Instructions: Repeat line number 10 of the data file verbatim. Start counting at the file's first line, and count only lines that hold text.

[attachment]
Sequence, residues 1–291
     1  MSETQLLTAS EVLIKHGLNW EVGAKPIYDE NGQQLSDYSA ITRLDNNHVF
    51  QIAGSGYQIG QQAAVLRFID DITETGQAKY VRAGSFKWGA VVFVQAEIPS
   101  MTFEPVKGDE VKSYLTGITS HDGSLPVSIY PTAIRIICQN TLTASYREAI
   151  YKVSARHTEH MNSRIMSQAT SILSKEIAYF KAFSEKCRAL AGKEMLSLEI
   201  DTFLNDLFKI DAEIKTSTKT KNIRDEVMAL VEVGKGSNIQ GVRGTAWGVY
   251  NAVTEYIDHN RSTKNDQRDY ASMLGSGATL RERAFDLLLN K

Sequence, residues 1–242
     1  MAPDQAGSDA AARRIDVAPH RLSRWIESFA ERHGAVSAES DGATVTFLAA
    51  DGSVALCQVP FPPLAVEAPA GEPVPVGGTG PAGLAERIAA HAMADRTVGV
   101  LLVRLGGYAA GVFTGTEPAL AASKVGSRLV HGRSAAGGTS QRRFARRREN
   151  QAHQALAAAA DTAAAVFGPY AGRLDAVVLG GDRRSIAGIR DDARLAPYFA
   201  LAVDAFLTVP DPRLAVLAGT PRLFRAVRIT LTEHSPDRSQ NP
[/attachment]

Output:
    51  DGSVALCQVP FPPLAVEAPA GEPVPVGGTG PAGLAERIAA HAMADRTVGV